6. If you don’t take extra good care of yourself, you will get sick.
    Since the start of this program, I have been devouring veggies and flushing my system with ginger tea and plenty of water.  I’ve been exercising regularly, and trying to get enough sleep.  The good news?  I haven’t gotten sick.  But a lot of people have.  I learned in my Human Growth & Development Throughout the Lifespan class last week that the stress hormone cortisol suppresses your immune system.  This means that when you’re stressed out from all of the work, your body can’t protect itself as easily.  When you combine that with a poor diet, insufficient sleep, or inactivity, the results are disastrous.  And once one person gets sick, it’s that much more likely that everyone else in their class will.  So take care of yourself.  Don’t sabotage your efforts by being lax about your health!
  7. You will probably be very emotional, in class, in front of lots of people.  This is actually encouraged.
    Although this is 7th on the list, it is perhaps one of the most important things to know.  Not only does Naropa stress you out, make you sick, and take up all of your free time, it makes you wildly emotional.  As mentioned in point #2, the program is designed to bring up all of your “shadow” issues, and it’s generally pretty successful.  And the more trauma you have experienced, the more intense this will likely be.  But that’s okay.  Naropa actually encourages you to feel what you’re feeling, and express it.  If you’re discussing a difficult issue in class, and it brings up traumatic memories, you may start crying right then and there.  But nobody will think badly of you for it.  In fact, I haven’t had a single class yet where someone hasn’t cried.  You don’t have to throw caution to the winds and disclose your entire past, but don’t worry too much about opening up either.  Naropa puts a lot of work into making sure you’ll be supported.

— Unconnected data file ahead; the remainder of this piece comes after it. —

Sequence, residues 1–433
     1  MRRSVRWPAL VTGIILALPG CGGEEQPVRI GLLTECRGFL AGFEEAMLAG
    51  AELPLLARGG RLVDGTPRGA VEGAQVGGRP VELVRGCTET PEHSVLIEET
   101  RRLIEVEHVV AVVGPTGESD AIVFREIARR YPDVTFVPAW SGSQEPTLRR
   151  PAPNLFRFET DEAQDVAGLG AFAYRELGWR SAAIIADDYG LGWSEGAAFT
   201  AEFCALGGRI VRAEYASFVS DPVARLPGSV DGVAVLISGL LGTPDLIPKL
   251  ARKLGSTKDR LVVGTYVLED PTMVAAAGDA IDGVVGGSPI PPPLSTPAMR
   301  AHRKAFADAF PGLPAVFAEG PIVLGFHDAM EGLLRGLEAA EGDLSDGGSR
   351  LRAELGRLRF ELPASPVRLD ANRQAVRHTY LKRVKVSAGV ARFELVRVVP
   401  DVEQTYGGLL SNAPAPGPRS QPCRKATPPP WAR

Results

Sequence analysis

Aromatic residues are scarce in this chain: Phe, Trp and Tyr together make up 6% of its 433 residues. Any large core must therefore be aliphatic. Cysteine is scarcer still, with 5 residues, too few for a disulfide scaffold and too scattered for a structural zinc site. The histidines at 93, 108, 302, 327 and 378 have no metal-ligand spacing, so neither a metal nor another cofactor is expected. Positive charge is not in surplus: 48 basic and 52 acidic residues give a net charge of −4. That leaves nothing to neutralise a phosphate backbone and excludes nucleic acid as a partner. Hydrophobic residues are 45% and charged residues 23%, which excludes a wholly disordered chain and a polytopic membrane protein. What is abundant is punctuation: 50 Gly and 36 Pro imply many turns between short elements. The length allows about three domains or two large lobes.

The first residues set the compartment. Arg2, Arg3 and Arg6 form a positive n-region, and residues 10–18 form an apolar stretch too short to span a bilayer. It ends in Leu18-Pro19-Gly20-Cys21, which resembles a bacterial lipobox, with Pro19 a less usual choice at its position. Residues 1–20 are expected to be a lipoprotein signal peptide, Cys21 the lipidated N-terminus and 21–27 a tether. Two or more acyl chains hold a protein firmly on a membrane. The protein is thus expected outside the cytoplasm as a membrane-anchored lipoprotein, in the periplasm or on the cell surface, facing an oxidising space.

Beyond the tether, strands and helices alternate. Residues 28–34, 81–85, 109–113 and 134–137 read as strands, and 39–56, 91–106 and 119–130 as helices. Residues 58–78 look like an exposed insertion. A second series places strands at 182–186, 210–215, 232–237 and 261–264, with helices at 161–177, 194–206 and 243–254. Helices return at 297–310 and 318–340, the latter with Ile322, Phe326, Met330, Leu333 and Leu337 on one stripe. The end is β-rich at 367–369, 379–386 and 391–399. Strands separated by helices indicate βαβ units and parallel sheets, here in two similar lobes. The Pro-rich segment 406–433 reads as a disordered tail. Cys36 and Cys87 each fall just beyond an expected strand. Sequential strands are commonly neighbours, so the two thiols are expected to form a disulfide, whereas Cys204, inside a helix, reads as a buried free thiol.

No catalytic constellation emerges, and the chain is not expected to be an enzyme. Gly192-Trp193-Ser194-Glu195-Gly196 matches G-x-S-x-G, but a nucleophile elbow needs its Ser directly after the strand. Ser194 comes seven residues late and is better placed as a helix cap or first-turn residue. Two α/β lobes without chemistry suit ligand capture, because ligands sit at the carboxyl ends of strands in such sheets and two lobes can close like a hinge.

8. Bonus: It will be worth it.
    I’m sure that this all sounds pretty intimidating, but the reality is that it’s worth it.  This program melts you down, and forges you into something stronger than you were.  Not only does it teach you how to be a great therapist, it teaches you how to be great at being you–how to appreciate and trust yourself, and how to know what you need.  If you can get past the reading, writing, crying, stressful aspects of the program, you’ll come to appreciate the incredible change in yourself, and you’ll know that you were responsible for making it happen.